Nevin Spence, a 22-year-old rugby union player from County Down in Northern Ireland, appeared destined for a fruitful and internationally recognised career before he died with his father, Noel, 58, and brother Graham, 30, in a tragic accident in the slurry tank on the family farm.
A wing-turned-centre whose burgeoning talent went hand in hand with the resurgence of his province, Ulster, on the European rugby scene, Spence had begun his third senior season by playing 70 minutes for Ulster's A team, the Ravens, against Munster A at Deramore Park in south Belfast on the day before he died. The summer had been a time of rehabilitation from a shoulder operation; Spence had also been appointed a brand ambassador for the Dairy Council of Northern Ireland, but while he featured in a light-hearted photo shoot with cows on the farm in Hillsborough his relations affectionately acknowledged that he was "just a part-time milker".
Rugby was Spence's chosen career, and the apex to date had been an appearance for an Ireland XV in the uncapped match against the Barbarians at Gloucester in May. He was a replacement covering his fellow Ulster centres Paddy Wallace and Darren Cave and he came on for another Ulster player, the wing Craig Gilroy, for the final few minutes of a 29-28 defeat. Having made two appearances for Ireland's second XV, the Wolfhounds, in 2011 against Scotland A and England Saxons, and a third against the Saxons again in January 2012, Spence was set for a sustained tilt at full senior caps.
He represented Ireland at centre in each of their five matches in the 2010 Under-20 Six Nations Championship – which they won – scoring a try against Italy and another two in the 44-15 defeat of Scotland that sealed the title. In between there was a 25-10 win over England U-20 at Gloucester, after which the Rugby Football Union match report noted: "Nevin Spence beat tackles to get Ireland in the right half of the field." It was an apt summary of the strong running and aggressive tackling that the 6ft tall and 15 stone Spence brought to his attack and defence, adding physical substance to his eye-catching thatch of white-blond hair and breezy, earnest character. He continued to represent the Under-20s in the IRB Junior World Championship in Argentina in summer 2010, when they recovered from a disappointing pool phase to beat Samoa 37-10 and Scotland 53-23 and finish ninth.
Spence hadbeen proficient at two codes at Dromore High School and he represented Northern Ireland's Under-16s in football, playing at right-back in the team that beat England in 2005. Manchester City were one of the clubs said to have shown an interest in signing him. But with his mother Essie's encouragement he left Dromore in 2006 to go to Wallace High School in Lisburn for his A-levels, and his rugby flourished there. A hat-trick of tries in the quarter-finals of the Ulster Senior Schools Cup helped Wallace to a semi-final at Ravenhill in Belfast – Spence's first taste of the famous old rugby ground he would relish playing at many more times among his 42 appearances (scoring five tries) in the white jersey of Ulster.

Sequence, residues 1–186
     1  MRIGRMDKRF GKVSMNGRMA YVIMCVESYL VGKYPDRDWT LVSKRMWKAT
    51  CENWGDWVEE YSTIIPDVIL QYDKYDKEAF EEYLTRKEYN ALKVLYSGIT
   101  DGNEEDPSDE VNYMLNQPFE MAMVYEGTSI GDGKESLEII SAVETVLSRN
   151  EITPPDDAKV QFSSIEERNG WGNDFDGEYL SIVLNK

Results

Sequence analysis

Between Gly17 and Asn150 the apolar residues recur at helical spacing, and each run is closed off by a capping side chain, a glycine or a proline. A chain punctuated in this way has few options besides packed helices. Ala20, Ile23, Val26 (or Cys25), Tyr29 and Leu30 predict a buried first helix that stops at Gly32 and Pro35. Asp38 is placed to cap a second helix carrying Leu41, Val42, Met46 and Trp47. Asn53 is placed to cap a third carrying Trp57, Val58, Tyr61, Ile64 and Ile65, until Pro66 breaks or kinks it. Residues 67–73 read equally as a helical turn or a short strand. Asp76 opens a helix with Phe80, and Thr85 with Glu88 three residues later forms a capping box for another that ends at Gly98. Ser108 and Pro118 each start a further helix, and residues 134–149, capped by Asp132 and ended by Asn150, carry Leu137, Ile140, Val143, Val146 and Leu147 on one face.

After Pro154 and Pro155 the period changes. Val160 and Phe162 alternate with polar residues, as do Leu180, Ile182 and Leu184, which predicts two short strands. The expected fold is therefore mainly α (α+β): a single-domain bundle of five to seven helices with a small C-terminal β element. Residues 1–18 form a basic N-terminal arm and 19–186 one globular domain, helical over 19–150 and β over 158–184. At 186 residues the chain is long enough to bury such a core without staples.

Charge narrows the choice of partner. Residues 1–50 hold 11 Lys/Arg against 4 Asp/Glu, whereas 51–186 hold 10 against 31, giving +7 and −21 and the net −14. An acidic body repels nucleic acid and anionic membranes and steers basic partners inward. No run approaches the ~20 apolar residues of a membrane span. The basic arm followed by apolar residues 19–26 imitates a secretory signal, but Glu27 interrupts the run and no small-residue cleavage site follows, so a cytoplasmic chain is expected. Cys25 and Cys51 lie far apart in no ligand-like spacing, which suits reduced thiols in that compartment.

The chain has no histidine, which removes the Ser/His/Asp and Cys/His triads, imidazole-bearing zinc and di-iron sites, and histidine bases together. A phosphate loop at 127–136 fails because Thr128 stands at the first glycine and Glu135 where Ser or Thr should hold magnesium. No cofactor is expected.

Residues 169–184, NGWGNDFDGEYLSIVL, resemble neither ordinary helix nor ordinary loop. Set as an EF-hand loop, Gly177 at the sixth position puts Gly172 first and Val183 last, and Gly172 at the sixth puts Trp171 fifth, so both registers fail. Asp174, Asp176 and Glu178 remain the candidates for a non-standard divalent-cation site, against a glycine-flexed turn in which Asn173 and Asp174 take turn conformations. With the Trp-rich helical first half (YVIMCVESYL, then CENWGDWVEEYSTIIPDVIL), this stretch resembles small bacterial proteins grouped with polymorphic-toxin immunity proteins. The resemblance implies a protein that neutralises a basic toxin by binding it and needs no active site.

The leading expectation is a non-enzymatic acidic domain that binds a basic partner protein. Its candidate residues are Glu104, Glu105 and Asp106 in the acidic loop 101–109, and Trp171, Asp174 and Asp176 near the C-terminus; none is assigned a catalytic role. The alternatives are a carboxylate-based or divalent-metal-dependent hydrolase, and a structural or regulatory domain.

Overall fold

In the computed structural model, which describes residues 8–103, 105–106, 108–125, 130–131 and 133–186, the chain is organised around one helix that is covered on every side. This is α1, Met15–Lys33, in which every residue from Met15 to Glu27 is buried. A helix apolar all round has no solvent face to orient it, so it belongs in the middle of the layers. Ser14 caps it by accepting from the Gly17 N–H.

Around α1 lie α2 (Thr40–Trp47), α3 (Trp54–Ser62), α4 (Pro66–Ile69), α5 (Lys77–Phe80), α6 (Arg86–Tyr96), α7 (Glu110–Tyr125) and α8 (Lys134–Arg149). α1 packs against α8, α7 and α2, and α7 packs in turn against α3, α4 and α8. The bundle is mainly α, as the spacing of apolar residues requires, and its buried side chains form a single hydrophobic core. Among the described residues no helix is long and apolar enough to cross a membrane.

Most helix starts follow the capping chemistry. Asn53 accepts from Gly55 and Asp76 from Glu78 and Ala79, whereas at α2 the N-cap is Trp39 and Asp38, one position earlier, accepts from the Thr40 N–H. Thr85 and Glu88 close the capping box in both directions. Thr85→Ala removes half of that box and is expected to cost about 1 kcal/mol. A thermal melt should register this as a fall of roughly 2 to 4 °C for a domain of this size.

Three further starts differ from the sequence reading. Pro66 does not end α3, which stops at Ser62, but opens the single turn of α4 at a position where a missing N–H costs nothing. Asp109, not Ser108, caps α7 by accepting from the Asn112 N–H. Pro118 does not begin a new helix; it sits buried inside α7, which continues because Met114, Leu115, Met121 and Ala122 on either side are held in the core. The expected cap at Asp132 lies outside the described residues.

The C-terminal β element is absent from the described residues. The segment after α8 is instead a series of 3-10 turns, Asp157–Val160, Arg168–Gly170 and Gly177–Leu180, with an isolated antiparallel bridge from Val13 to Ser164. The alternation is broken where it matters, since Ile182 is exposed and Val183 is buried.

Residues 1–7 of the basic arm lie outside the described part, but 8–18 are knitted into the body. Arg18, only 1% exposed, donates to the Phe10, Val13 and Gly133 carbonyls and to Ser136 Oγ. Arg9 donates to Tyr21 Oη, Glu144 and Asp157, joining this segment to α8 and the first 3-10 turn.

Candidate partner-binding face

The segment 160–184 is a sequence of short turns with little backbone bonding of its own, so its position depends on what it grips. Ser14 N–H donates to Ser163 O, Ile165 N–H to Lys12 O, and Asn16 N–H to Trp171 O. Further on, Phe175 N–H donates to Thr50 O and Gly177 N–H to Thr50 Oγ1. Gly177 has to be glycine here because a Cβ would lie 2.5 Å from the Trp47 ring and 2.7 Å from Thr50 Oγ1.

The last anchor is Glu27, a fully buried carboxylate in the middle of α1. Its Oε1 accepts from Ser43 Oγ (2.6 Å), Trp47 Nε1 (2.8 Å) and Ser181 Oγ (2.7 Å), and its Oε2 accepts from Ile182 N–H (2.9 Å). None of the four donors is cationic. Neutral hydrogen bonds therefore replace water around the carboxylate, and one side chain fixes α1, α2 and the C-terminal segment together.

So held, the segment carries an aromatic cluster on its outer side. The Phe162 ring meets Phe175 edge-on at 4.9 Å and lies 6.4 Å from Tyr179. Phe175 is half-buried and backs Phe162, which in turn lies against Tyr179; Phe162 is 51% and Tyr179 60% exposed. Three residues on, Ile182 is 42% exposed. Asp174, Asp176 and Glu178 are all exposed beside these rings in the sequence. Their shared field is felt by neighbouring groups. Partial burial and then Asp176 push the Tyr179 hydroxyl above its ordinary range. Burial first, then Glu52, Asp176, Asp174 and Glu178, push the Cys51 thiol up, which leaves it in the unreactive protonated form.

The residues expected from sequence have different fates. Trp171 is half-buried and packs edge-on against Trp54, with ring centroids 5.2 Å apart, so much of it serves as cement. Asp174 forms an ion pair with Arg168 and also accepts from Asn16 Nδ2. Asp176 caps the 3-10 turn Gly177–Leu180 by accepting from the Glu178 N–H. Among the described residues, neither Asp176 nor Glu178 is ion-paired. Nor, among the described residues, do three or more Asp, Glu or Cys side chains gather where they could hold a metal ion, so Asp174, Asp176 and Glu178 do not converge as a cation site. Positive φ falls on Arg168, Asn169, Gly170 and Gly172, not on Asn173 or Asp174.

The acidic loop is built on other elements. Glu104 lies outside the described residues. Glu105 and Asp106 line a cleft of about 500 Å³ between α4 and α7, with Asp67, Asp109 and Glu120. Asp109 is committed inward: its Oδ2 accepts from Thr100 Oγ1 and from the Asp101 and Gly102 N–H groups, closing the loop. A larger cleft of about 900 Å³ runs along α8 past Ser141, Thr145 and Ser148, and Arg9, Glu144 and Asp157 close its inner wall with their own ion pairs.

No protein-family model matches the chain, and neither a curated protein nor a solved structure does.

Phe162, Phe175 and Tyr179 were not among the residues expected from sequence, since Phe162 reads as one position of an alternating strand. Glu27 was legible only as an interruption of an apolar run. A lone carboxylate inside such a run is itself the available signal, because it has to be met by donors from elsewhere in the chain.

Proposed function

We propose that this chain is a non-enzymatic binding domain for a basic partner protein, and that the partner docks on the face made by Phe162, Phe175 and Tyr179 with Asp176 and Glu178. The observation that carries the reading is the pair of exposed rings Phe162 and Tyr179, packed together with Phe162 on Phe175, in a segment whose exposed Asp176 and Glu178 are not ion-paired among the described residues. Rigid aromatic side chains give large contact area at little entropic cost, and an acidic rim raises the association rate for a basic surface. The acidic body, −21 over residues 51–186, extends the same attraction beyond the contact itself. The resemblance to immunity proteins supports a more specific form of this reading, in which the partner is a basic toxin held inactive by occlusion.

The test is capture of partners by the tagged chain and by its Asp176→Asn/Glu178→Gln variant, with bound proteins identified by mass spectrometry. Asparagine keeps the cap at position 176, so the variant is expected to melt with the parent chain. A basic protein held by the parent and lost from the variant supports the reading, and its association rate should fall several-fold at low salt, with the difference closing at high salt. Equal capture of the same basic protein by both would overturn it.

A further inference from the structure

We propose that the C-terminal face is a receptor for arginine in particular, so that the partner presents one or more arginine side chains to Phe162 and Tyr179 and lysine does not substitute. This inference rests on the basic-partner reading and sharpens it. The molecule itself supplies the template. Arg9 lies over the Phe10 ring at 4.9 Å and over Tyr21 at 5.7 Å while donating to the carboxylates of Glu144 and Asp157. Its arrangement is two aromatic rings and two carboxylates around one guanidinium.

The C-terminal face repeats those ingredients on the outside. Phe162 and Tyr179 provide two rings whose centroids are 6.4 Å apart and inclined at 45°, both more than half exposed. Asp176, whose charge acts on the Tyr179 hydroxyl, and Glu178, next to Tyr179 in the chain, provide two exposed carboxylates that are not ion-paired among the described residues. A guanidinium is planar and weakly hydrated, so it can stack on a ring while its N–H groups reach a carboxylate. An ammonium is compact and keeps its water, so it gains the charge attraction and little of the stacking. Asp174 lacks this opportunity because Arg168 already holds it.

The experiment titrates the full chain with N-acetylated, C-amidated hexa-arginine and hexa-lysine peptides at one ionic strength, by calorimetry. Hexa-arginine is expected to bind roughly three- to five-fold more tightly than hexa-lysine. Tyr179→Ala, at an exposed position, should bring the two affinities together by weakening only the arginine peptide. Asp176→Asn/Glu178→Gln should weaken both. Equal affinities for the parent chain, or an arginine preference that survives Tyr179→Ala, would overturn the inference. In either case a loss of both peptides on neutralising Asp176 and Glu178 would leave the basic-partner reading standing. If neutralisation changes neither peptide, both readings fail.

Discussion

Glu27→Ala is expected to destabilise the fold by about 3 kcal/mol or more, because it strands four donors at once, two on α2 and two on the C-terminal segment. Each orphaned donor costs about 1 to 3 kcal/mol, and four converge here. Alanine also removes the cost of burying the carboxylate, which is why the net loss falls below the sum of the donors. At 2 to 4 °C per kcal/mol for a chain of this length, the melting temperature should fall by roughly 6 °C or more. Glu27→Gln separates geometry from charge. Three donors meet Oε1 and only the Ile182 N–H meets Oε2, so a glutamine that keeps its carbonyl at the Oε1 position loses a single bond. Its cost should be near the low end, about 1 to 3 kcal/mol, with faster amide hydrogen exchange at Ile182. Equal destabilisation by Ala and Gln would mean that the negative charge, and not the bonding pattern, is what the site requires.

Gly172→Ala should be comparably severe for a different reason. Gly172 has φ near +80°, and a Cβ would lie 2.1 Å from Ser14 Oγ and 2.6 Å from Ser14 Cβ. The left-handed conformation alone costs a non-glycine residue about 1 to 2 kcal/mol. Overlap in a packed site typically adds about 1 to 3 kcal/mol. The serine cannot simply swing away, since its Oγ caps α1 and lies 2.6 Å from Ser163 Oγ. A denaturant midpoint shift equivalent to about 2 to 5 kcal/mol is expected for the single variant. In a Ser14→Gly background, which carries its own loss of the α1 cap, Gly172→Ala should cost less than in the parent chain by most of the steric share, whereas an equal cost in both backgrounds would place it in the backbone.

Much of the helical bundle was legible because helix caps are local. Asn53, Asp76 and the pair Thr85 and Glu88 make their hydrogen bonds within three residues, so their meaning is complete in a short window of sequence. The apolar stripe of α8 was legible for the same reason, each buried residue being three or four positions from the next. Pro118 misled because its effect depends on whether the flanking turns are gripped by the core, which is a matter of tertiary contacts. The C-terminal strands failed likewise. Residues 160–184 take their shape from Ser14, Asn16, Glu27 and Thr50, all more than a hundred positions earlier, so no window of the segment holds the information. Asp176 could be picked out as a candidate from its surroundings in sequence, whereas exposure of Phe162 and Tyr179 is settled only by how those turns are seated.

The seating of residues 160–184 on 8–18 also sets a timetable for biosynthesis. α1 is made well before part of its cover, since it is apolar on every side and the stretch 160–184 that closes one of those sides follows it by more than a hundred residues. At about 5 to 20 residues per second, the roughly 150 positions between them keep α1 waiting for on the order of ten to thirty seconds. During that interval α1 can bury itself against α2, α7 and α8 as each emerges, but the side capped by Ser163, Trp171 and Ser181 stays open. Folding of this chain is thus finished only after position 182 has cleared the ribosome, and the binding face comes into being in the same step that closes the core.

He played for Ulster Schools and Irish Schools, and his powerful performances for Ballynahinch – where his brother Graham was renowned already for the "Spence hand-off" – went along with joining Ulster's Rugby Academy in 2008. In May 2011 Nevin was recognised by his peers in the Irish Rugby Union Players' Association as Young Player of the Year, having been Ulster's Academy Player of the Year a year earlier.
After a senior debut for Ulster near the end of the 2009-10 season, Spence had his breakthrough proper in 2010-11. He played more than 20 times for Ulster, scoring a try finished with a somersault in a win away to Bath in the Heineken Cup in December 2010 and playing alongside Wallace in the quarter-finals in a narrow loss to the eventual finalists Northampton. He was called to train with the Ireland squad for the 2011 Six Nations.
The 2011-12 season was disrupted by injury, and Spence – a committed Christian who was a member of Ballynahinch Baptist Church – finished it as only the 24th man for Ulster's Heineken Cup final against Leinster at Twickenham in May. But his rich promise had earned him starts in three of Ulster's six pool matches against Leicester, and Aironi, twice. David Humphreys, the former Ireland fly-half who is now Ulster's director of rugby, said: "Nevin was a dream player to work with. He was the epitome of what we were looking for."
Nevin Spence, rugby union player: born 26 April 1990; died 15 September 2012.Reuse content